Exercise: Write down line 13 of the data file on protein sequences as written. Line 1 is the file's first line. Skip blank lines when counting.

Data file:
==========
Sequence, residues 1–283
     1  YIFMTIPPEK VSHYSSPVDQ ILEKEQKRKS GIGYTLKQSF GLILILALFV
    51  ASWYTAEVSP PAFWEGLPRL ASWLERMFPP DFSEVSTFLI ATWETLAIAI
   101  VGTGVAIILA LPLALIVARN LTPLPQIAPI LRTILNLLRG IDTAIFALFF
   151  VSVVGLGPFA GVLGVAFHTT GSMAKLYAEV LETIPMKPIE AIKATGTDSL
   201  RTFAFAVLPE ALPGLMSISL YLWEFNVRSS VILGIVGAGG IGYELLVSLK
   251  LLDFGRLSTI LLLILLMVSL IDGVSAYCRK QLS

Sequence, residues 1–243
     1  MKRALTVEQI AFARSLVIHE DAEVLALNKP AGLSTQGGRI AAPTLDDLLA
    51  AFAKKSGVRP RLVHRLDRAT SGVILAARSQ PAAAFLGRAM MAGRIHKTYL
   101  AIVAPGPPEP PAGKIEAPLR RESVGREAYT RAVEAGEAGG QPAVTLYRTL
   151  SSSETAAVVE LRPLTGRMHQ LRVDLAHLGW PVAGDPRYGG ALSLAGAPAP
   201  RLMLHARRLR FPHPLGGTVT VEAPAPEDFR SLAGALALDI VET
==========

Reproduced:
   201  RLMLHARRLR FPHPLGGTVT VEAPAPEDFR SLAGALALDI VET